Michael Fish has spent decades talking weather to the nation, and now he's willing to debunk some of the most popular myths about the British forecasts.
Red sky at night - shepherds' delight?
Now, in his new role as Mountain Warehouse consultant meteorologist, Michael has examined lots of weather lore and now reveals if there is, in fact, any truth to some of our most established beliefs.
Do cows lie down when it's about to rain?
According to the retailer's commissioned research, almost of a third of Brits surveyed believe this to be true. Michael says, "Cows lying down simply means they’re tired! I have however noticed seagulls often fly inland ahead of stormy weather. Perhaps they can detect the rapidly falling pressure.”
Can trees and bees be used to predict the weather?
93% of us don't know this, but Michael reveals, “Trees can be used to make a forecast in many ways. When trees show the underside of their leaves, giving a much lighter appearance than usual, it is a sure sign of rain. The phenomenon is caused by the humidity increasing and softening the stalks of the leaves, causing them to turn over.”
Michael Fish thinks it prudent to pack an umbrella for most occasions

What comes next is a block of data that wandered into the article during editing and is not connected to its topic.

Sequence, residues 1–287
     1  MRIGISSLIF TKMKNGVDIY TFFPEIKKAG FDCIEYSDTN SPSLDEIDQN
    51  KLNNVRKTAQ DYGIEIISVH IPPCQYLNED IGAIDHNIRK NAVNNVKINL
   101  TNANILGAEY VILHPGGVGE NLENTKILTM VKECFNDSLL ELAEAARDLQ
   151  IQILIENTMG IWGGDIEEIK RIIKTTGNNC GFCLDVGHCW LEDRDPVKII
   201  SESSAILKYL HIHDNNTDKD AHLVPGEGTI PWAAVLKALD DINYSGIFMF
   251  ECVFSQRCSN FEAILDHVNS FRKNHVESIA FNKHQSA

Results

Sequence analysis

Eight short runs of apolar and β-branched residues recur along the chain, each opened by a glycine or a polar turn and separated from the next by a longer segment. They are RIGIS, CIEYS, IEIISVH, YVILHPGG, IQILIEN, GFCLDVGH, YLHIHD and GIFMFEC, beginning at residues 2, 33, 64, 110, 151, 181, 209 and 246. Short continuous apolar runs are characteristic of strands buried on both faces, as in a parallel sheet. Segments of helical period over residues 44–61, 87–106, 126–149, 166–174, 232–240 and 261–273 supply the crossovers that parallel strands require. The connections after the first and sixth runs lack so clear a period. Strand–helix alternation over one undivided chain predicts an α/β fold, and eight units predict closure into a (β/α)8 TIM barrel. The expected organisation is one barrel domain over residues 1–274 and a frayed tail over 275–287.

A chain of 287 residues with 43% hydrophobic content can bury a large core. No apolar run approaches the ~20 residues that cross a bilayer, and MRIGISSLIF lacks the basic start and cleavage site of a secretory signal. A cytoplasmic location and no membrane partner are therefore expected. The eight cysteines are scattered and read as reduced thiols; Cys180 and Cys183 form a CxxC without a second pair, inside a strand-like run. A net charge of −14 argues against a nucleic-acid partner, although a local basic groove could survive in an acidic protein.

Wind in the east, 'tis neither good for man nor beast - True or false?
90% of the UK don't believe in this age-old saying but, according to Michael, this myth is actually fact. “Our coldest weather in the winter comes from the East, even as far away as Siberia. Temperatures often remain below freezing day and night.”
If bees stay at home rain will soon come: if they fly away, fine will be the day - True or false?
94% of those surveyed believe this to be false, but Michael confirms this ancient fable to be accurate. Bees sense the humidity in the air and will stay in their hive if they predict rain coming.
Lightning never strikes the same place twice - True or false?
88% of Brits correctly believe this to be a false belief. And Michael confirms, “Oh yes it does, I’ve seen it.”
Red sky at night, shepherd's delight, red sky in the morning, shepherd's warning - True or false?
More than half of Brits trust this one to be true, but Michael Fish says it's all a bit more complicated than that.
"This is based on a passage of weather fronts around a cyclone. The high cloud on the advancing warm front catches the rays of the rising sun and looks red due to the scattering of the sun’s rays. The rain follows.
"Similarly, if the timing is right, as the rain clears the following cold front, cloud could be caught by the setting sun and turn red.”
So not every red sky at night guarantees a sunny day after. If you're in the UK, best play safe and pack your brollie for all events.
Michael Fish is the new Meteorological Consultant for outdoor clothing retailer Mountain Warehouse.